Hezbollah’s Hariri Problem

Hezbollah’s Hariri Problem

Samara Greenberg
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On Saturday, the German Der Spiegel reported that Hezbollah is a top suspect in the 2005 murder of former Lebanese Prime Minister Rafik Hariri. Until now, Syria has been viewed as the primary culprit for the car bombing. 

Damascus’ alleged links to the murder sparked a broad movement against Syria’s 29-year occupation of Lebanon. Hariri’s son Saad became the leader of the Lebanese anti-Syrian coalition, the March 14 alliance. Massive anti-Syrian demonstrations, coupled with intense international pressure prompted Damascus to withdraw its forces from Lebanon in April 2005.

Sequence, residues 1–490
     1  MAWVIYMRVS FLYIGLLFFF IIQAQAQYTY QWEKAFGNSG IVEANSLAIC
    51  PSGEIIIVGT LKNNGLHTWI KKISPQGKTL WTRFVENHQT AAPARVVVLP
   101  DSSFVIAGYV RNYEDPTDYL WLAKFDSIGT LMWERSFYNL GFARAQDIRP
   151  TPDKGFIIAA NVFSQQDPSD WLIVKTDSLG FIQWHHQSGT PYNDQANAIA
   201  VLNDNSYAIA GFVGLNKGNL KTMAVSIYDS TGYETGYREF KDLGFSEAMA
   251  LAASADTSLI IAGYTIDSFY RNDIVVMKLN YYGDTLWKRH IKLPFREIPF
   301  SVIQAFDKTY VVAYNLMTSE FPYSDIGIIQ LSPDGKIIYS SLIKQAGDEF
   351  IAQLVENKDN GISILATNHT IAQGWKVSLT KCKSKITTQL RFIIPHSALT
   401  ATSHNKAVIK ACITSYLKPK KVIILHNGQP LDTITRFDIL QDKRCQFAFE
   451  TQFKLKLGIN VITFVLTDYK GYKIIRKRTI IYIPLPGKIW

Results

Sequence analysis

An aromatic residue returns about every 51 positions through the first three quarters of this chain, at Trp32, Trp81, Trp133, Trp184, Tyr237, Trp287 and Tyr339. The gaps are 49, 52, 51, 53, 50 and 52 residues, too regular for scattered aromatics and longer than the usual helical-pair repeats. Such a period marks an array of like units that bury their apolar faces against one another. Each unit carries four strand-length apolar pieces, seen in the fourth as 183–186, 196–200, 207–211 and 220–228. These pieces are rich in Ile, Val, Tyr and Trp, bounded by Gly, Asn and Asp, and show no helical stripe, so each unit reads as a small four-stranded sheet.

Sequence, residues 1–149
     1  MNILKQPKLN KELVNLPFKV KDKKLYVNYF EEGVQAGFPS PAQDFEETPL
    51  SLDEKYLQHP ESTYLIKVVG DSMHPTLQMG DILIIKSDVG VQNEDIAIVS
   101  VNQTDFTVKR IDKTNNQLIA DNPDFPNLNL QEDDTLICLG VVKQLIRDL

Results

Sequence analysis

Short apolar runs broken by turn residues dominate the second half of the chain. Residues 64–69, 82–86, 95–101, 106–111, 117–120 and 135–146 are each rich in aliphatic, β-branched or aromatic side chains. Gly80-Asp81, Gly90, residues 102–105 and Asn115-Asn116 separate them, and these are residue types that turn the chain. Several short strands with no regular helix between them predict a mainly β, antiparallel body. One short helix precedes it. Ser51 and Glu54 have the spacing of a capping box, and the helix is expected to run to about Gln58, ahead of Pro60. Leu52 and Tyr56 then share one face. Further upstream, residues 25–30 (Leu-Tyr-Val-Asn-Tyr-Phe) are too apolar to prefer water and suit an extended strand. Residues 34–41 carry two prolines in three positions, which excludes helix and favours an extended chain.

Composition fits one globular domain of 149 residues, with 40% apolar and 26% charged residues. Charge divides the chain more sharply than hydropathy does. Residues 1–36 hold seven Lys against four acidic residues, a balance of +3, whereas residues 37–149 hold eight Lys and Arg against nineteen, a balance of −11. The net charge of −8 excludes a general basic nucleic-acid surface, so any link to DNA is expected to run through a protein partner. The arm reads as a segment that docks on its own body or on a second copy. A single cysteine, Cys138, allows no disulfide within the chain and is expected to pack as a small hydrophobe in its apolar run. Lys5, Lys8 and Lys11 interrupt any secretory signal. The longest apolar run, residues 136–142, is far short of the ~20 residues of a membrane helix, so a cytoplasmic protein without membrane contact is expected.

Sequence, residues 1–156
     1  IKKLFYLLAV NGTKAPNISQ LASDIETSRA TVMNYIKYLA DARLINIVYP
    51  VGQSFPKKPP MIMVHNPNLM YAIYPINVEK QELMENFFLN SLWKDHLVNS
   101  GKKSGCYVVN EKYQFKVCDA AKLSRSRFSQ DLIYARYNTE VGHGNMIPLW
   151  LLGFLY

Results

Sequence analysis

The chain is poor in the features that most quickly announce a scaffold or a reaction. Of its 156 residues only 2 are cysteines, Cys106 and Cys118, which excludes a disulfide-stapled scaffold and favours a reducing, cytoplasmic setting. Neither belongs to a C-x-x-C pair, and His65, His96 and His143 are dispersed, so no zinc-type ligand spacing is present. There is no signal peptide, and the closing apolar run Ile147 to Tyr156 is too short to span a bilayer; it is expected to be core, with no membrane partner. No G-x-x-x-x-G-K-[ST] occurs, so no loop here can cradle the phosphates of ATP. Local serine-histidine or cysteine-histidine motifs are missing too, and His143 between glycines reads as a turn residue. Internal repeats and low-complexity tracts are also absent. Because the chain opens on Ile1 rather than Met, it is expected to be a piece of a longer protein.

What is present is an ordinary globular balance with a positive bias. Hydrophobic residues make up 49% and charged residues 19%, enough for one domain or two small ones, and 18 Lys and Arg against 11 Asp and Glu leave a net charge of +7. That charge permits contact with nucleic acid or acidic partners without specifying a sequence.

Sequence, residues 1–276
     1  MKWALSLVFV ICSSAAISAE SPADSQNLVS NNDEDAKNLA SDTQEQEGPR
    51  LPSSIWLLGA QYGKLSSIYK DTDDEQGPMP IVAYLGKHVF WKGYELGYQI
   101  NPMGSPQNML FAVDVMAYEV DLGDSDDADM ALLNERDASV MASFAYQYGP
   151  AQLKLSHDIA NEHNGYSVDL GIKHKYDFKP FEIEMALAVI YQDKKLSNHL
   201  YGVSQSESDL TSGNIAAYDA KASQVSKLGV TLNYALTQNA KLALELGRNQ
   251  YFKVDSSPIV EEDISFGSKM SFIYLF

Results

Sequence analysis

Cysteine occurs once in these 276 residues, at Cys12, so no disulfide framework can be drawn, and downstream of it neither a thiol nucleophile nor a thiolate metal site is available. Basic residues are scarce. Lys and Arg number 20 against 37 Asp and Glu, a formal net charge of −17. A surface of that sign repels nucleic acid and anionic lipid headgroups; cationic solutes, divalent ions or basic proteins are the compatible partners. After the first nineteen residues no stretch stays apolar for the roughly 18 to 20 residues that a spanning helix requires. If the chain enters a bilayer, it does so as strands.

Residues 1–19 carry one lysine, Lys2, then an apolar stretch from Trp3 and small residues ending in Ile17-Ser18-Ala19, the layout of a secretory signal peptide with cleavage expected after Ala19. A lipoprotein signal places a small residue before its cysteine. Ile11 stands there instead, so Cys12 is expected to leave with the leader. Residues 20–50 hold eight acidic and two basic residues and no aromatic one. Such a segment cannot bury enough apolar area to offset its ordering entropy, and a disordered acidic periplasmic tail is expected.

New Lebanese parliamentary elections are slated for June 7. Independent polls are rare in Lebanon, which makes gauging voter sentiment difficult. Nevertheless, the Syrian and Iranian-backed Hezbollah is projected to win a majority, which would undermine the progress of the March 14 movement. However, the new links to Hariri’s murder, if proven, could deliver a setback to Hezbollah’s electoral aspirations.

 

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